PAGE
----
MEpedia:About

From MEpedia, a crowd-sourced encyclopedia of ME and CFS science and history
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  • What is MEpedia? MEpedia is a crowd-sourced, Wikipedia-style encyclopedia of the news, history, and science of myalgic encephalomyelitis (ME) and chronic fatigue syndrome (CFS).
  • Why an encyclopedia? There was a need for an encyclopedia in order to collect, in one place, all the diverse knowledge scattered throughout the medical, scientific, and patient communities concerning ME, CFS, and related conditions.[1]
  • Who writes this encyclopedia? You can! MEpedia articles are written by many different volunteer contributors from the internet. No one person or organization is the author of MEpedia articles. At MEpedia, the community is the author.

Core principles

Addressing the patient community at its outset, MEpedia announced the following core principles:[1]
A commitment to evidence: That means letting go of certainty and grappling with complexity and contradiction, reporting negative and null results, not simply those that support a given theory.
A commitment to transparency: Transparency means citing every fact – whether a fact is one that has existed in high school biology textbooks dating back to 1930s or is an observation made by “some patients,” it can and should be cited. It also means contextualizing it so that it is easy for a reader to discern the quality of the information. There are differences in the quality of information gleaned from a small study versus a large one; a study that used subjective versus objective measures; a study that used the Oxford Criteria or the Canadian Consensus Criteria; a finding that was found only once or is supported by several studies. That our evidence base is weak after decades of underinvestment in research does not mean that we can’t use it – simply that the limitations must be made abundantly clear.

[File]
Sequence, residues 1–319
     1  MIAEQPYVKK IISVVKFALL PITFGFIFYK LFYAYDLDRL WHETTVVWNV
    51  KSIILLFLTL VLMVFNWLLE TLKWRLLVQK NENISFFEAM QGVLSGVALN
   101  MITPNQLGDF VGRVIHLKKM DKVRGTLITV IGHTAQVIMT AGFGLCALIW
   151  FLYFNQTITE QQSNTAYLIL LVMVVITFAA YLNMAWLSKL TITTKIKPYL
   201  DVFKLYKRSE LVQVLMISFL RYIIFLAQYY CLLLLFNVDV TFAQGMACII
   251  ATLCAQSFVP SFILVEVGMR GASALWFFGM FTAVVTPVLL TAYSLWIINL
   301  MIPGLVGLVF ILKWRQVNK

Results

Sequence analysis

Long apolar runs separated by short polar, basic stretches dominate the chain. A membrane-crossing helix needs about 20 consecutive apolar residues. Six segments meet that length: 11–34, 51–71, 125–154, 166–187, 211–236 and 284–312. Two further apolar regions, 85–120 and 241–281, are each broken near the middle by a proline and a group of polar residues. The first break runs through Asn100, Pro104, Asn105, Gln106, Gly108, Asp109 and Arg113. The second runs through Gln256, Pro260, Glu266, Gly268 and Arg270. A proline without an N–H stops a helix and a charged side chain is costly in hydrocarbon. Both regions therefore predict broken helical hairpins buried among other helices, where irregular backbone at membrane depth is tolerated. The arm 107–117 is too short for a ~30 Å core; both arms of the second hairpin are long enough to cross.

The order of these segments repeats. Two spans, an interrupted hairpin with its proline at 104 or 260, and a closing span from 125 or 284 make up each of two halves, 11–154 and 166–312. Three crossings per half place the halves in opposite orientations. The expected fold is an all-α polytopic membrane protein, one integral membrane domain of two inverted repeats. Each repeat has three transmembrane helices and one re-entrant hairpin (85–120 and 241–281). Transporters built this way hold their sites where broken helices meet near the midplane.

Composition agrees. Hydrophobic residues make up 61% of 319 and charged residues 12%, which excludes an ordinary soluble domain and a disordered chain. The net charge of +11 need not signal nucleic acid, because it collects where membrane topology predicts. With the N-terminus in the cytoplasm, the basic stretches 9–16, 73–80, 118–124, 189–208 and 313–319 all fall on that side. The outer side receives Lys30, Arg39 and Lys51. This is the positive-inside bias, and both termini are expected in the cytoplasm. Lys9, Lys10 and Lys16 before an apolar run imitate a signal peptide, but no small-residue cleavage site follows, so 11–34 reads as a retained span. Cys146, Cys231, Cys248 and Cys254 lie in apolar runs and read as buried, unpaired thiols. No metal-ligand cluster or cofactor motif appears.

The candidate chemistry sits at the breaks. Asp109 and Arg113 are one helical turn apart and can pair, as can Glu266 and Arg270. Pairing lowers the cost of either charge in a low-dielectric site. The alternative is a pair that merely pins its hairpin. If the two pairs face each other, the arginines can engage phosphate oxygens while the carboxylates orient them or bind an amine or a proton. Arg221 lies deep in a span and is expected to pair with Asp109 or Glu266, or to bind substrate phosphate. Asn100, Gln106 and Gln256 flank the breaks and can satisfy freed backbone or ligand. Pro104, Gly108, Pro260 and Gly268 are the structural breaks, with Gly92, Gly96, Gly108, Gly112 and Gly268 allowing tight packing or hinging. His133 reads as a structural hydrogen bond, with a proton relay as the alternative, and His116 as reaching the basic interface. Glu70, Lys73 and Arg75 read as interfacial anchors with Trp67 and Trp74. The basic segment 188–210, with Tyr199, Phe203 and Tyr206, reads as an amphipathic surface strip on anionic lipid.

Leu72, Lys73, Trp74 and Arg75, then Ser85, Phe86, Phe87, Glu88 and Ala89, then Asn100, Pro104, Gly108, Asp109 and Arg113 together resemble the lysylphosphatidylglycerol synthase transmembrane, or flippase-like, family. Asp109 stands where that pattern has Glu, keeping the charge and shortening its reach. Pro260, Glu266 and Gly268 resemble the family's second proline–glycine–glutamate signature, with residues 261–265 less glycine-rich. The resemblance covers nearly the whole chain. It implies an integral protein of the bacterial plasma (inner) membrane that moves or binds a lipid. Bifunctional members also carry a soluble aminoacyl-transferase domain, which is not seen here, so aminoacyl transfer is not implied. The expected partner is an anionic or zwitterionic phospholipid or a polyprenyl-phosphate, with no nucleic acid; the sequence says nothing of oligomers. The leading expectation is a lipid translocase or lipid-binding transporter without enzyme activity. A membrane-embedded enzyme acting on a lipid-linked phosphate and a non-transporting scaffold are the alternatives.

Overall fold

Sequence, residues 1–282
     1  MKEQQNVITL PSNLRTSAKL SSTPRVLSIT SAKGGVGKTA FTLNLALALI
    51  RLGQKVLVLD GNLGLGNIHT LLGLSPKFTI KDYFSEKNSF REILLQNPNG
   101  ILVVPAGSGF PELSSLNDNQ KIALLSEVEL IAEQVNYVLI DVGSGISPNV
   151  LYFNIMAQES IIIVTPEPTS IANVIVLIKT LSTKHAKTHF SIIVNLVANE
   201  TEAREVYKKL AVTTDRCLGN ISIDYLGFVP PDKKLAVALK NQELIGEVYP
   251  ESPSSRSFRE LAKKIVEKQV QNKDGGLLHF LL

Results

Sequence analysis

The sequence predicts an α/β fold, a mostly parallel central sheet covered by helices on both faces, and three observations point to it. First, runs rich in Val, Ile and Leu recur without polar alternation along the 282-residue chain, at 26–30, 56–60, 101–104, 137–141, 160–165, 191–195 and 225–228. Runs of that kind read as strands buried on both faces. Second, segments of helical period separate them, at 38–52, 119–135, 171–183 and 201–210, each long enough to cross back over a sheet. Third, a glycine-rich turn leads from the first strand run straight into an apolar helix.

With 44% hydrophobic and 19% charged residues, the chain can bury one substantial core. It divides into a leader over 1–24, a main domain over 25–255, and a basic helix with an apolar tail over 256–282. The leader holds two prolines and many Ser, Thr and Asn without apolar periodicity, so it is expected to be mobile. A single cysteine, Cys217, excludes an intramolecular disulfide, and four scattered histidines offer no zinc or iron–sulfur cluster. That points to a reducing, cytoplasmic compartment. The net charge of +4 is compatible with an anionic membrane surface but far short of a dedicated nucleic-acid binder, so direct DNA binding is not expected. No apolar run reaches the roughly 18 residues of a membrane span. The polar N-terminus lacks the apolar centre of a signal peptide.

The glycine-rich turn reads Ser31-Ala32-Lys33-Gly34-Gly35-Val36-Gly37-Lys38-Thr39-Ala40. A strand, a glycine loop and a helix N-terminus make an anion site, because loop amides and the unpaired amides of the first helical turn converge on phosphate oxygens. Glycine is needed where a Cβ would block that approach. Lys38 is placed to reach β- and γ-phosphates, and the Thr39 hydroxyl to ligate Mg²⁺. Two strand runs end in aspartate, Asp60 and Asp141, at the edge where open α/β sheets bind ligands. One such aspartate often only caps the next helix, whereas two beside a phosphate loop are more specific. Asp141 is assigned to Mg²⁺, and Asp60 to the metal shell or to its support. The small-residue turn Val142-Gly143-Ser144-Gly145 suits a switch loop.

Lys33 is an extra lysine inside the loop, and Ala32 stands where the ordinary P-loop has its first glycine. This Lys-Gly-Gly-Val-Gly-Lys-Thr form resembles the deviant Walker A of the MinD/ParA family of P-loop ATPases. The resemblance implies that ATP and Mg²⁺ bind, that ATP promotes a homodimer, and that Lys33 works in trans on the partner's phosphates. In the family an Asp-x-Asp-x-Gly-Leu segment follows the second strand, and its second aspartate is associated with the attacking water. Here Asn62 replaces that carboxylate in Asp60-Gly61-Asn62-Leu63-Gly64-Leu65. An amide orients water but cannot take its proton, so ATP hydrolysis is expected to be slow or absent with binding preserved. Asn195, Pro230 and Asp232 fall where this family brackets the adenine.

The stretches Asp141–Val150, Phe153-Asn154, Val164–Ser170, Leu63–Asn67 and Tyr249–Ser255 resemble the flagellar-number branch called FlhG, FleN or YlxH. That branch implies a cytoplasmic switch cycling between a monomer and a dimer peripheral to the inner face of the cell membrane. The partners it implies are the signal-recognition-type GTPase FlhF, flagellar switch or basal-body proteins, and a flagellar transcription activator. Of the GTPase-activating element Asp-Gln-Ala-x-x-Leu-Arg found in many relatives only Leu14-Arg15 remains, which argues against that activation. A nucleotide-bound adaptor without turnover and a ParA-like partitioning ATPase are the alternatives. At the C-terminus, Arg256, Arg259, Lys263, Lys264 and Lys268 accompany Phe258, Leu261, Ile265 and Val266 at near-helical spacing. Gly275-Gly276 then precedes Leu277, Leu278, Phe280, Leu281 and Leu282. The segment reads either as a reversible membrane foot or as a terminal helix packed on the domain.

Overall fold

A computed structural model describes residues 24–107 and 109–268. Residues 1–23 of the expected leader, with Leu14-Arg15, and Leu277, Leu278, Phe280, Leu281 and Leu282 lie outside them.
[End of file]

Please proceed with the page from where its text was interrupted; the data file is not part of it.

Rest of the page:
A broad view: Fortunately, we know a lot more about the immune system, the brain, the gut, the microbiome, the mitochondria, our cell membranes and the role that all of these play in other inflammatory or autoimmune diseases, at least compared to ME or CFS. We can assemble that information and relate it to the studies about ME and CFS we do have.
Room for debate and speculation: That said, so much of what we observe in our own bodies has not been scientifically proven or explained, not in small part because there has been so little research. ... Anecdote has gotten a bad name but an anecdote is a single observation and observations are how we generate testable hypotheses. ... So to allow us to discuss what has not been proven in a way that is difficult to do in a traditional Wikipedia article, we’ve created a category of pages called Medical hypotheses.
Balancing the technical with the basics: While the dream is to have a literature review so accurate, comprehensive, and technical that it can serve as a launching point for new scientists entering the field, those pages on basic science should live alongside pages that any patient at any level of exposure to science can find useful and accessible. 

History

MEpedia was launched by Jen Brea of MEAction on December 6, 2015.[1] On May 19, 2018, MEpedia announced that over 30,000 edits had been made to pages.[2] On July 19, 2018, MEpedia announced that the site had reached 5 million views.[3] On June 4, 2019, MEAction announced that the site had surpassed 1000 registered editors.[4]

Funding

As a project of the non-profit group MEAction, MEpedia is supported by donations made to MEAction.

Contact us

  • Email: mepedia@meaction.net

Disclaimer

Please note that MEAction does not explicitly endorse the content of any article. The content of MEpedia articles are the work of individual volunteer contributors from the internet. Also see our general disclaimer and our terms of use.

References

  1. 1.01.11.2 Brea, Jennifer (Dec 6, 2015). "Announcing MEpedia: a knowledge base for ME science and history". #MEAction. Retrieved Mar 30, 2019. 
  2. "MEpedia". www.facebook.com. Retrieved Mar 30, 2019. 
  3. "MEpedia". www.facebook.com. Retrieved Mar 30, 2019. 
  4. "The #MEAction Network". www.facebook.com. Retrieved Jun 4, 2019. 

Myalgic encephalomyelitis or M.E. has different diagnostic criteria to chronic fatigue syndrome; neurological symptoms are required but fatigue is an optional symptom.<ref name="ICP2011primer">{{Citation

Accuracy is the "closeness of an observation to the true clinical state" (Sackett et al., 1986).[1]